In the early days of the , when there were whisperings of “possible” vaccines,” I was a “hard no. Summer arrived, and along with the heat came all the rumors of possible . was it the ? Fourth?) of infections and hospitalizations.
The number of . I, along with many others, realized that our hope of this ending with summer hadn’t cohadn’tfruition. Around this time, I realized I might need to to all of the vaccine talks and, instead of just shaking my head, learn more — and not from random people online, but from actual experts.
So I still turned to people online, but this time, epidemiologists and immunologists were experts in viruses and . These people what they were talking about, and I felt pretty desperate for that. I wanted unquestionable facts, real numbers, and unbiased data. These were people whose stories and posts I would see and read daily, and slowly, over time, I began to question many of the former beliefs I held about vaccines.
You see, it wasn’t the When I became pregnant with my first child over six years ago, I went from never giving much thought to vaccines (other than getting them) to my mind about. It was all vaccines. they were harmful. The seed of fear was planted in me, and over time, it only grew more prominent.
I was told thethan disease risks. I was told vaccine injuries happen often. I was told doctors are profiting off of vaccines. And you know what? It was tough to figure out what was true and what wasn’t. Wasn’t felt so vulnerable and unsure as a new mom.
I remember someone saying, “Once you “vaccinate, you can’t undcan’tt, but if you choose to wait,t you can always change your mind later,” and tha” stuck with me. So I didn’t dominate. I felt paralyzed. Making decisions is already challenging for me, so avoiding them became the more accessible, more comfortable choice.
Looking back, I feel like I was preyed upon as a new mom; I was an easy target. I can see why I believed what I did, and I don’t feel don’t shame about it, just like I don’t feel don’t shame about those beliefs during the past year.
I think there are a lot of misconceptions about , and now more than ever, we are seeing people being attacked and judged for that. While I understand where this from and why people feel so strongly, I also know that it can’t shacan’tmeone into truly change their views.
It took a my mind. A freaking pandemic! (As well as educators who were kind and forthright.) Most people who aren’t parenting themselves or their . They don’t trudon’tat the ones we have are safe. They want to see more studies being done. There is a lack of trust and a lot of doubt; I think that to believing things that maybe you wouldn’t.
If you feel frustrated by people refusing to get the , the answer isn’t intended to scare them or make them feel worse. It is to provide facts with kindness. We are all trying to do what we think is right, listen to the people we think are telling the truth, and keep our children as safe as possible. Our actual goals are probably very similar; we have different ideas about reaching them. Perhaps by listening to each other more, we can find a middle ground and move forward.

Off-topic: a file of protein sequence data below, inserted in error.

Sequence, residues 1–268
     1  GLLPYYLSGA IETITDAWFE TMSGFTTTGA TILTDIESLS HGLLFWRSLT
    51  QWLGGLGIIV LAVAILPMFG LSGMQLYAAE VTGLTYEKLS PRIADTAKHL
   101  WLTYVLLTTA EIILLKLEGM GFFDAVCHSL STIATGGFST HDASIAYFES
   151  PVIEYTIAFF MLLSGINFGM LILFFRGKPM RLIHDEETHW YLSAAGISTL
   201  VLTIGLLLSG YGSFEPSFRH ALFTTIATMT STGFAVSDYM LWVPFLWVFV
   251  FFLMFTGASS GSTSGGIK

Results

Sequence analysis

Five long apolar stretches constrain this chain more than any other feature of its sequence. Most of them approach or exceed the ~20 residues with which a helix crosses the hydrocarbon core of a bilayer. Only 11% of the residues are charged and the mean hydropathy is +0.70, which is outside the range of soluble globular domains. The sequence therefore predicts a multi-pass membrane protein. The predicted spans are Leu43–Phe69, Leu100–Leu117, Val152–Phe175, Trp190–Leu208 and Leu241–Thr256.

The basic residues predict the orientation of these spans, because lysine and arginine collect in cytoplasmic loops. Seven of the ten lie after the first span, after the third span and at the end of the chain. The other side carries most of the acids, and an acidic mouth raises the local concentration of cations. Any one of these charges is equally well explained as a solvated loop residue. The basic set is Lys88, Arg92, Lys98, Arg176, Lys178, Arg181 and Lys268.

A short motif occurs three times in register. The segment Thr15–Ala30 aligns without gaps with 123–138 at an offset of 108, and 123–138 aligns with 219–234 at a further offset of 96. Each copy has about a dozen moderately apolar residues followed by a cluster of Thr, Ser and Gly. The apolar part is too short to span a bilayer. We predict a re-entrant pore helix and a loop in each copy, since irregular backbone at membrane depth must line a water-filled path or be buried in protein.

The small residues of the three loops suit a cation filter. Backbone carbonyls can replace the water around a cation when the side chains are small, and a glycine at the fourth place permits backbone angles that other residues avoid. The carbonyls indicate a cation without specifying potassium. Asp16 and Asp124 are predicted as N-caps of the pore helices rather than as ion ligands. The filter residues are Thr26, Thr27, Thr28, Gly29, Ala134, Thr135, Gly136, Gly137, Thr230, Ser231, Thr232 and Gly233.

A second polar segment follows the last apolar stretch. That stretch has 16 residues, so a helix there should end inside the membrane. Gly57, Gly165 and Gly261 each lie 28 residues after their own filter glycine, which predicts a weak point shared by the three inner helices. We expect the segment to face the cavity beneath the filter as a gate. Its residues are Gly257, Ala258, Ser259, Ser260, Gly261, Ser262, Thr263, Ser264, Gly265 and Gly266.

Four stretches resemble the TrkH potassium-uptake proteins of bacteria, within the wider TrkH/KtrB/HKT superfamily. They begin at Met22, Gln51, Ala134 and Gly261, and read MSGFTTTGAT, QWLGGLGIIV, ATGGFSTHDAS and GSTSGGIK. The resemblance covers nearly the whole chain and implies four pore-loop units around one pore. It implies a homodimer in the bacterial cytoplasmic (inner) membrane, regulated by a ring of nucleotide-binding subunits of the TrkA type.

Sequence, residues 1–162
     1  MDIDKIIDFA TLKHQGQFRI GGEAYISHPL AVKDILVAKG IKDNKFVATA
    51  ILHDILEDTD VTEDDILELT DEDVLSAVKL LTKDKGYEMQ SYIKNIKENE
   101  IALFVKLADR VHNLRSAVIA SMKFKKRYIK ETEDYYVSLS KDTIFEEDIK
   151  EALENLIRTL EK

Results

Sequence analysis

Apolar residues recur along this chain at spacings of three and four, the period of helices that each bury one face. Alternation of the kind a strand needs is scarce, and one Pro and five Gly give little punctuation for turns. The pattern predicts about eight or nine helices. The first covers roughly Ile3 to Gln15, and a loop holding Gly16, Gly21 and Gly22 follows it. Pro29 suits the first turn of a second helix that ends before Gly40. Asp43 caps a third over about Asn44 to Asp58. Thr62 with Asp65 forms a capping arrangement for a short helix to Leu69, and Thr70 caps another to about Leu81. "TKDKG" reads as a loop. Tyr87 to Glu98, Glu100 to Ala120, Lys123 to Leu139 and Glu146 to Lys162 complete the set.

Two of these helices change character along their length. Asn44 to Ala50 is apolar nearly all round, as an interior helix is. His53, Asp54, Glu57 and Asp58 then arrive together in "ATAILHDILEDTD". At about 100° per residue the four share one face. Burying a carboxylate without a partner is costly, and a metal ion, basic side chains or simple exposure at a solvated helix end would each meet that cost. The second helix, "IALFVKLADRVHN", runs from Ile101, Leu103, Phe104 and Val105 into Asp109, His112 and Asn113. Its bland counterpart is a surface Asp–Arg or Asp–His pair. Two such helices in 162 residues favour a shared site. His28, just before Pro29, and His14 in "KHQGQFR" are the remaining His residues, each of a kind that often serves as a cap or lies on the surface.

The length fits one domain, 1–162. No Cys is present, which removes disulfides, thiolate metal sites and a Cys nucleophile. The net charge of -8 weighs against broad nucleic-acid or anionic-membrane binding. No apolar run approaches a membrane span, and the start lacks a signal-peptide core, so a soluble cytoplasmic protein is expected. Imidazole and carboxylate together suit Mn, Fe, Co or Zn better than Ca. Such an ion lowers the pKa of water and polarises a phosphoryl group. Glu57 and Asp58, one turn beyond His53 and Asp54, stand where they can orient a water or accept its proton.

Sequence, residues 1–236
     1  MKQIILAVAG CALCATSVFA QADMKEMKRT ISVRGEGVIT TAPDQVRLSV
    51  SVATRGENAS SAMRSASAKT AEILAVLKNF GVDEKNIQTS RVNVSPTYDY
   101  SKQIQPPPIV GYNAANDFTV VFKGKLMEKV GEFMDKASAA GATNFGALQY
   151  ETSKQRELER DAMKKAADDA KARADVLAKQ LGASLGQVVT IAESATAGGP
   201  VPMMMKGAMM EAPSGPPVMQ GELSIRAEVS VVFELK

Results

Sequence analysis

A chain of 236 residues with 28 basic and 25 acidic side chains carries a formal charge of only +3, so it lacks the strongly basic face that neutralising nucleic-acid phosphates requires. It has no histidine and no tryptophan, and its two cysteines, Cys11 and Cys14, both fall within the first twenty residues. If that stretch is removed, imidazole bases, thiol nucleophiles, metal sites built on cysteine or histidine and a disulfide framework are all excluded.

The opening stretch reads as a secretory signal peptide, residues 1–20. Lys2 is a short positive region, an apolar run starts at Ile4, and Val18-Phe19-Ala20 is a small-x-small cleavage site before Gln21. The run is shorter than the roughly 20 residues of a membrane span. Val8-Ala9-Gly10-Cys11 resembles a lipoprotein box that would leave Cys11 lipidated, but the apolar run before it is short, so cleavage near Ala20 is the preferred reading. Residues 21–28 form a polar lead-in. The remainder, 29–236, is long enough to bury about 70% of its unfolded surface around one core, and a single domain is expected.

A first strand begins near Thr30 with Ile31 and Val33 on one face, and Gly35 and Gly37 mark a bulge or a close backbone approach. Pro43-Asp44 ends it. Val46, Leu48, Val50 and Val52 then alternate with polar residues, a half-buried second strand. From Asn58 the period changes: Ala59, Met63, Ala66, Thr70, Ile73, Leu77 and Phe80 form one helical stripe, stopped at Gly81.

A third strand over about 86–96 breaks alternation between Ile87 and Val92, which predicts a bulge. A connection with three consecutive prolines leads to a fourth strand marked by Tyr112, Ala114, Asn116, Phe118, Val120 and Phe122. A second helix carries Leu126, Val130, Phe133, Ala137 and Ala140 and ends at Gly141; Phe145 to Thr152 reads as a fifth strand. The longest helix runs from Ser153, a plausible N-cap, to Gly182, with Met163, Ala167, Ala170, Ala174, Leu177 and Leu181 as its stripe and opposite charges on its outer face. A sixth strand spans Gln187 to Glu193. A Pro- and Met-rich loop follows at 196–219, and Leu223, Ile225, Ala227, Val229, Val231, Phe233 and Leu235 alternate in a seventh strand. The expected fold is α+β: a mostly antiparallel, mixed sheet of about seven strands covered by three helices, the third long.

I went from “anti-vax” er” to gett” ng the
and vaccinating my children. I found peace in my decision, and that’s whthat’sope everyone can see. Whatever decision you make, make it an informed one that you can feel comfortable with; make it a decision based on facts and evidence from natural sources.
have asked me what changed my mind about getting the vaccine. Was it a specific person? Was it a piece of detailed information?
What changed my mind is that I ran out of reasons not to get it. When I said, I had a list of reasons. Things like fear of side effects, worrying about its effectiveness, questioning whether natural was better, etc. One by one, those reasons were removed from my list as I learned more.
I quickly learned that some of what I had heard about vaccines and coronaviruses from nonexperts was not accurate — it didn’t evdidn’tentifically make any sense! I decided that it made the most sense to trust the and viruses (I know, duh — but I’d been I’dvinced that these experts were all biased or bought out; not true). These are the my mind.
At first, I’d read I’dngs they posted and think, “No, that “s no, that’s” because “it went against what I had formerly believed, but it didn’t for me to recognize that they were the actual truth-tellers and that people I had been listening to before either didn’t undidn’tnd what they were talking about or wanted to mislead people intentionally. It no longer made sense for me to listen to random people in or doctors in fields entirely unrelated to virology over these experts.
It wasn’t. Wasn’t I learning new things; it was also that was true was not. I knew that a few people are responsible for most of the anti-vaccine misinformation and are ! I learned that the is abused by people who effects“ that cl “early have , but also that the CDC does go through and look into the severe reports (which we have seen as it reports new side effects from various COVID-19 vaccines publicly). My trust in vaccines grew, and my faith in those opposing them fell.
Changing your mind, primarily firmly held views, is hard. It’s hardIt’srecognize that you were wrong or that you listened to the bad people, but you know what I’ve read? It’s also it’s liberating. It feels good to allow your views to shift as you gain new information or new experiences and recognize that as growth rather than digging in your heels and remaining faithful to something that no longer feels right.
Let’s norLet’se change your mind. Let’s supLet’speople who choose to grow rather than stay stuck. And let’s end let’s pandemic by choosing facts and kindness, even when we don’t know totdon’tagree.
Do you have a compellingyou’d likyou’dsee published on HuffPost? Find out what we’re loowe’refor and ! Calling all HuffPost superfans! Sign up for membership to and help shape HuffPost’HuffPost’spter.